CHANG NOI

Newinomics: is the powerbroker moving forward to the past?

6 September 2010

Newin Chidchob holds no political office. Under the ruling which dissolved the Thai Rak Thai Party in 2007, he is under a five-year ban from political activity which extends until May 2012. Four years ago, he was targeted by the coup makers as public enemy number two, and many believed he would be forced to flee into exile, just like public enemy number one.

Yet today his paw prints are all over the political scene. In the recent reshuffle in the upper ranks of the Ministry of Interior, those rising to the key posts which oversee local administration were reported as being "close to Newin." So were many who were moved to governorships of large provinces which will be important in any future general election.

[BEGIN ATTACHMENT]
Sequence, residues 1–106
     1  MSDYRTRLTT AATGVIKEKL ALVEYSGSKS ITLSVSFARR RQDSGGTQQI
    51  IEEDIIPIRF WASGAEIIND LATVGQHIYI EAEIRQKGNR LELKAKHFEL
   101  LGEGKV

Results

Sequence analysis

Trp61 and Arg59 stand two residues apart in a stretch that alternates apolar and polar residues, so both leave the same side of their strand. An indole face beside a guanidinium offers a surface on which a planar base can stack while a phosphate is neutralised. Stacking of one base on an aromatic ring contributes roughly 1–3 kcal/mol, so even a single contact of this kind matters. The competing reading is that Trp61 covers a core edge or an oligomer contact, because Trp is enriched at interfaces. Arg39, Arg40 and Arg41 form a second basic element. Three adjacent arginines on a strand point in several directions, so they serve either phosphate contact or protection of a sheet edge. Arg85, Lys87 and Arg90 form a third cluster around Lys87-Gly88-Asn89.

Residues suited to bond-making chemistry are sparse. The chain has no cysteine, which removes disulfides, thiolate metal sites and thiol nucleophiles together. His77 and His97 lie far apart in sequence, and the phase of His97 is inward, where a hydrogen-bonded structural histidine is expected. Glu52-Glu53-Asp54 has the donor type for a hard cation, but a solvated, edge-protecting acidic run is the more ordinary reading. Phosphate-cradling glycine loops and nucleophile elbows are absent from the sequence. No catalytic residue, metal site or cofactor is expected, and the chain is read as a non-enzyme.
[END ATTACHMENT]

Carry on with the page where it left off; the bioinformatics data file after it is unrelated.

Last week there was a reshuffle at the second tier of the police. Again, many rising to key administrative posts, as well as some provincial police chiefs, were said to be "close to Newin." In last month's budget, some extraordinary discretionary allocations were earmarked for certain provinces. Again some of the press detected the hand of Newin. Nobody suggests his influence extends to the military list in the same way, but he seems on good terms with the military brass, quite unlike four years ago when he complained they held him in detention then dumped him on the street, stripped to his underpants.